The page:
Why don’t we suffocate whenever we try to take a breath? An international team of scientists has used quantum mechanics – the science that usually deals with events at the level of the ultra-small – to solve this human-sized mystery.
Quantum mechanics has long proved its value in understanding such phenomena as the behavior of electrons and in classifying subatomic particles. But in recent years theorists have increasingly shown how it applies to all facets of life, large and small.
The new research, led by Cédric Weber of Kings College, London and reported in the journal Proceedings of the National Academy of Sciences, confirms that point.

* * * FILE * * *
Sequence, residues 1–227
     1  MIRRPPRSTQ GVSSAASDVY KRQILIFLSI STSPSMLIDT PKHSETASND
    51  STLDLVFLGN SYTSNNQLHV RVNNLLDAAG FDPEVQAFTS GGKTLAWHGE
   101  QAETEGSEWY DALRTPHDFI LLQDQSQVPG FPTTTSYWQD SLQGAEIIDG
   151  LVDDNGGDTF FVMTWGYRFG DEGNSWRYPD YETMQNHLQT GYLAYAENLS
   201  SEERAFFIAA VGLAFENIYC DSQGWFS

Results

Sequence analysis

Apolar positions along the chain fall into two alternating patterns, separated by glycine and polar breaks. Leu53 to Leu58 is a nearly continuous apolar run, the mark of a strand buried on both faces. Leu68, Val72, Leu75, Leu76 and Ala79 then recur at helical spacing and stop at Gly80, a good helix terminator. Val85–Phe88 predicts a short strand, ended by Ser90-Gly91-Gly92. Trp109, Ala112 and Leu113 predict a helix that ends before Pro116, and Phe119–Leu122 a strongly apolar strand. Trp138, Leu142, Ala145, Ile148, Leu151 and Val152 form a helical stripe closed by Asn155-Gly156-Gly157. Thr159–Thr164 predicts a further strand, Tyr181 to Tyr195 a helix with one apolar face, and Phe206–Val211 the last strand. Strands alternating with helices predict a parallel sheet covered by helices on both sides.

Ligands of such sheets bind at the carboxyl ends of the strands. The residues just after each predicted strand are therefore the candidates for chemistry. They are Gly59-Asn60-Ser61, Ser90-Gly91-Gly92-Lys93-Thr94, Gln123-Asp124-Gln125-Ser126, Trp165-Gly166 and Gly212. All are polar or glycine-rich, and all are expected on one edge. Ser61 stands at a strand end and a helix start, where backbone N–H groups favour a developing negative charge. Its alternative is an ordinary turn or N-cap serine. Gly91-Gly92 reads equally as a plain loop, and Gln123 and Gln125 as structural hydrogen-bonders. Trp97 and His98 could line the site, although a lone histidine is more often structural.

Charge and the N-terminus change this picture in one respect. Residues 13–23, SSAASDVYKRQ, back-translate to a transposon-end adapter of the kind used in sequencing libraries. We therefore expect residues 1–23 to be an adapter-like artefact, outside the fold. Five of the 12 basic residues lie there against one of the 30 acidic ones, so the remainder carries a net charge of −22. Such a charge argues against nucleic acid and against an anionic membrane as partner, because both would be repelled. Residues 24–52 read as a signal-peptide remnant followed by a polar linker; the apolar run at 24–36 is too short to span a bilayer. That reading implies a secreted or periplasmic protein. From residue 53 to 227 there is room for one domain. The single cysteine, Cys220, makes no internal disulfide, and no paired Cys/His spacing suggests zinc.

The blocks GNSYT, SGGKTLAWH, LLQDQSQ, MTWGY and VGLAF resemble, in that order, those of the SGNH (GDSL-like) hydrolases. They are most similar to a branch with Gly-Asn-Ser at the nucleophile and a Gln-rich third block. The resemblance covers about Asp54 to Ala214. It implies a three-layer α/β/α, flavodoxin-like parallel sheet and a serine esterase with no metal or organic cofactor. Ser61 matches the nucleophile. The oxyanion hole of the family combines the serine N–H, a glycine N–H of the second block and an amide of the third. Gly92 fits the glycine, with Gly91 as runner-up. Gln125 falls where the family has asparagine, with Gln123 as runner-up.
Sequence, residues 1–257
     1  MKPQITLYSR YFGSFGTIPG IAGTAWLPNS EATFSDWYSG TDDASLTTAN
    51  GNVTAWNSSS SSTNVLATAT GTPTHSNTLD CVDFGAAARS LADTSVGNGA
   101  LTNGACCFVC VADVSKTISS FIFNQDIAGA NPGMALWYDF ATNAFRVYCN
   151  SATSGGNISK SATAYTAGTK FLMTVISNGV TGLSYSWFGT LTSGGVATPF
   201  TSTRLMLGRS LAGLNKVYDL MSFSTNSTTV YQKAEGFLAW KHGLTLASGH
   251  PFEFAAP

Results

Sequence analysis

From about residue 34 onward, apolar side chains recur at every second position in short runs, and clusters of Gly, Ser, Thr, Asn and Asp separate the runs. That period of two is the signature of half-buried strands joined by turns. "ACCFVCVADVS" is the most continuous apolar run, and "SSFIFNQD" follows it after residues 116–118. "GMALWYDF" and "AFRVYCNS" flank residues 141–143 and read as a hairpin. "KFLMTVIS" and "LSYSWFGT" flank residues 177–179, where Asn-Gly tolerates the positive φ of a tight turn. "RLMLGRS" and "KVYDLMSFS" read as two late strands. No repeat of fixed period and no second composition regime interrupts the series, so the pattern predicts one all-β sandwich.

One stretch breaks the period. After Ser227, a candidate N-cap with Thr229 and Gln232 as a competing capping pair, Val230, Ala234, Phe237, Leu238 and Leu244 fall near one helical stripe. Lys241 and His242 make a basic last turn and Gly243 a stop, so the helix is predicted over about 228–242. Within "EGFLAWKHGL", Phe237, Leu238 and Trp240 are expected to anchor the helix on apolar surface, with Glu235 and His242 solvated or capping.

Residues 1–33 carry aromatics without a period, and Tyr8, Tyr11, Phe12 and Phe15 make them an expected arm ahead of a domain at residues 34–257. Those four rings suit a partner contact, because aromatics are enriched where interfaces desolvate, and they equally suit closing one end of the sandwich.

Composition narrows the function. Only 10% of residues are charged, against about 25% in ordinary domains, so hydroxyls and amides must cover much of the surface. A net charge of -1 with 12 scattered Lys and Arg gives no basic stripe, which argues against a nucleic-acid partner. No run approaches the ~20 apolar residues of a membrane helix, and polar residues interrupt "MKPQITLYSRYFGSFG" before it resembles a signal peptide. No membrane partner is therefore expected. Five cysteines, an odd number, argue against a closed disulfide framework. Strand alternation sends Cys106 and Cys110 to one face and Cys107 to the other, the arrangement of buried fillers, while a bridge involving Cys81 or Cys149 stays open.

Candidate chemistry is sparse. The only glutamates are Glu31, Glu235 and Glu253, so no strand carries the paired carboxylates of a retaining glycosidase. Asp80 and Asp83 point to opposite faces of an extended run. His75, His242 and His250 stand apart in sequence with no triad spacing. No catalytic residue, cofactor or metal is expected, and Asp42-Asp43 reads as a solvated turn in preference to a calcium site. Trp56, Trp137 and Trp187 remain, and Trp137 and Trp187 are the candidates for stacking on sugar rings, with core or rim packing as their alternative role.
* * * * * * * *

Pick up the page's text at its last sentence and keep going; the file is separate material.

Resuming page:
"This work," said team member David O’Regan, a physicist at Ireland’s Trinity College, Dublin, "helps to illustrate the fact that quantum-mechanical effects, which may sometimes be viewed as somehow very exotic or only relevant under extreme conditions, are at play in the day-to-day regimes where biology, chemistry, and materials science operate."